3. Understanding the above and accepting it, we move on the the part that no one seems to be getting: An engine only needs x amount of fuel to produce f(x) power. If you replace part of that hydrocarbon fuel with a higher energy fuel that burns more completely, you decrease the amount of hydrocarbon fuel needed and therefore reduce the hydrocarbon emissions and increase the hydrocarbon fuel mileage. NOTE: Replacing hydrocarbon fuel with any fuel that burns more completely has the additional effect of increasing the overall efficiency of the engine.

4. The increase in fuel mileage is not magic. You are not seeing a reduction in the fuel energy needed to power the vehicle, you are instead seeing a reduction in the amount of hydrocarbon fuel needed to power the vehicle. The rest of the power is supplied by the HHO.

5. The claimed miracle here is not in creating free power or new voodoo science, but that with a relatively simple gizmo created from ordinary science, we can create a series of energy substitution/conversions of which the net effect is the reduction of hydrocarbon fuel needed to power a given engine and the attendant reduction of hydrocarbon emissions.

12:14 PM  
Professor Blogger Lester said...

That said, you also have to take into account the following as it applies to HHO and free (unbonded) hydrogen:

"Here are a few common…
Gasoline 9000 Wh/l 13,500 Wh/Kg
LNG 7216 Wh/l 12,100 Wh/Kg
Propane 6600 Wh/l 13,900 Wh/Kg
Ethanol 6100 WH/l 7,850 Wh/Kg
Liquid H2 2600 Wh/l 39,000* Wh/Kg
150 Bar H2 405 WH/l 39,000* Wh/Kg
Lithium 250 Wh/l 350 Wh/Kg
Flywheel 210 Wh/l 120 Wh/Kg
Liquid N2 65 Wh/l 55 Wh/Kg
Lead Acid 40 Wh/l 25 Wh/Kg
Compr Air 17 Wh/l 34 Wh/Kg
STP H2 2.7 Wh/l 39,000* Wh/Kg
Please note that it does not matter in the least whether
you are "for" or "against" gasoline or whether you like it or
hate it. Gasoline (and diesel and hydrocarbon equivalents)
are and likely will remain the de-factor standards of energy
density comparisons at 9000 watthours per liter and 13,500
watthours per kilogram. Gasoline also currently defines
acceptable standards of safety and convenience for most
personal transport.
Serious competitors must approach parity.
...[battery section omitted for clarity]...
Elemental Hydrogen gives us a curious mix of energy
density values. At first glance, its 39,000 wh/kg seem to be an outstanding advantage. And it is for deep space apps.
At a closer look, this figure is virtually meaningless for
most terrestrial apps. Why? First, because a 3X increase in
gasoline gravimetric energy density would not end up all
that big of a deal for most end users. Possibly saving 26
pounds or so of average weight in an average vehicle.
But much more important, you do have to consider the
contained weight of an energy delivery system. A gas tank
adds relatively little weight to the gasoline it contains. But
it is enormously unlikely you would be able to contain an
equivalent 13 pounds of hydrogen in any 26 pound tank.
Thus, the real-world contained energy density of hydrogen
by weight is typically a lot worse than gasoline.
On the volumetric side, the hydrogen news is worse than
all bad. STP hydrogen gas is laughingly pathetic. 2.7 watt
hours per liter recoverable as electricity, or 3.3 watt hours
per liter as heat. After compression and containment losses,
ultra cold cryogenic liquid hydrogen has around one-fifth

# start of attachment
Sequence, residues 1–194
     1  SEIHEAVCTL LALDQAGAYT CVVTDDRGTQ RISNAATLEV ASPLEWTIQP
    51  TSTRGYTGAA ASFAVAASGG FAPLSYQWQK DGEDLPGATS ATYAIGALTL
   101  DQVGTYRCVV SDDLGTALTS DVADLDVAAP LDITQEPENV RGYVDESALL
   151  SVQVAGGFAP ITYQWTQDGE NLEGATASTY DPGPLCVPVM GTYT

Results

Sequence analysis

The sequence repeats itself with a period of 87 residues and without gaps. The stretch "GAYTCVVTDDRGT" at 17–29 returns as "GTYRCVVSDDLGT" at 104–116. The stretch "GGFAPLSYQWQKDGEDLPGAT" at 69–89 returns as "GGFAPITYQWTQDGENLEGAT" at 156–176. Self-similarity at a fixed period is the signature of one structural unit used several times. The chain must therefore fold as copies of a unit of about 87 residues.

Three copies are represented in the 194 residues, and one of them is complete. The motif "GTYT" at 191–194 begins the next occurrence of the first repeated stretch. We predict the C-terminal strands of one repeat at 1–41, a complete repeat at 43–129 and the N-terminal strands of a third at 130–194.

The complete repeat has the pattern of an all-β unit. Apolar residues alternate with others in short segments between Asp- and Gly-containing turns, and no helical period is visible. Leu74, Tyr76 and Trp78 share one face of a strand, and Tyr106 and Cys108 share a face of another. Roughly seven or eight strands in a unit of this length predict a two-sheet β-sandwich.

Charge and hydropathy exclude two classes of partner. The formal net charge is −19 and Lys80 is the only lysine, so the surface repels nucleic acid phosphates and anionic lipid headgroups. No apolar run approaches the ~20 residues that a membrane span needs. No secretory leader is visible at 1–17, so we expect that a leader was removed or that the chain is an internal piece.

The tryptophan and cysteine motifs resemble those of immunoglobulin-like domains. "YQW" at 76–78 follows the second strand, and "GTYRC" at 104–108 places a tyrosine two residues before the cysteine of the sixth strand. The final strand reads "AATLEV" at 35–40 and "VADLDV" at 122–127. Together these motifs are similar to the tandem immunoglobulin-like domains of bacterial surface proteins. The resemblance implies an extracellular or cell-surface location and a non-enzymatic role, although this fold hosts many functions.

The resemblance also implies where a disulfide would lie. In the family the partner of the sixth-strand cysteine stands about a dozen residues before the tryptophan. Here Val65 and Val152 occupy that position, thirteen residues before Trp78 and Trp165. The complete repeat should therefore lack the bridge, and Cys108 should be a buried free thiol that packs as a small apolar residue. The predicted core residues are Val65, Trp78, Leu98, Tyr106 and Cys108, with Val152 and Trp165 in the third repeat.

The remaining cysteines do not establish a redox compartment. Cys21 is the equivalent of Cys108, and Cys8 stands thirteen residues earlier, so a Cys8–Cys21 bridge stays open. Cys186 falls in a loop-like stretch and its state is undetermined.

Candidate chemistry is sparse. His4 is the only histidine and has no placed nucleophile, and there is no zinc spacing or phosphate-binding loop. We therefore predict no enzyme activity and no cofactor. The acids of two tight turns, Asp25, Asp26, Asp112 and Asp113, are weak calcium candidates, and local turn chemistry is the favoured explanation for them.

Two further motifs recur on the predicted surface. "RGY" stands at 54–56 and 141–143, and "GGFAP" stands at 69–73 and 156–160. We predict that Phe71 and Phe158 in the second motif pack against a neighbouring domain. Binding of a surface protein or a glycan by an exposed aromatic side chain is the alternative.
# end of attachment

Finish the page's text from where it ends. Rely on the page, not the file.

the energy density of gasoline.
Curiously, there is more hydrogen in one gallon of
gasoline than there is in a gallon of liquid hydrogen.
This happens because gasoline is denser by more than its
hydrogen mole fraction."

and more importantly:

Electrolysis Fantasies
Water is an ash. By chemical energetics, it is thus about
the worst place to look for a bulk hydrogen source.
At first glance, it seems easy enough to use electrolysis
to split water into its oxygen and hydrogen components.
Just apply any low dc current for bubble, bubble, toil and
trouble. Full details first appeared by Michael Faraday over
a century ago. And are easily found today in Britannica’s
Great Books #45.
Electrolysis is certainly useful for cooling generators or
petrochemical refining or precision low energy torches or
lifting research balloons or making fat pretty but deadly.
But nearly all of these use unstored hydrogen-on-demand
and do value their hydrogen much higher than by its
meager energy content.
As we’ve seen, retail electricity is worth about ten cents
per kilowatt hour. Lower exergy gasoline is worth three
cents per kilowatt hour. Your value of raw unprocessed
hydrogen is not well established, but we do know it will
certainly be a lot less than gasoline today. Because it has
not yet impacted gasoline in any significant way. I feel 0.8
cents per raw hydrogen kilowatt hour can be a reasonable
ballpark estimate.
In a typical situation, electrolysis takes two or more
kilowatt hours of electricity worth ten cents each and
converts them into one or fewer kilowatt hours of
hydrogen worth less than a penny each.
And that is before any fully burdened cost accounting,
amortization, storage or processing. Thus…
Electrolysis for bulk hydrogen energy is pretty
much the same as 1:1 converting US dollars into
Mexican Pesos.
At its very best, electrolysis introduces a staggering loss
of exergy that dramatically reduces the quantity and value
of transformed kilowatt hours of energy. Electrolysis is
thus wildly unsuitable when driven from high value
electrical sources such as retail grid electricity or any
small scale photovoltaics.
If you have electricity, sell the electricity, buy some
methane, and reform the methane. It is a lot cheaper and
throws away a lot less exergy.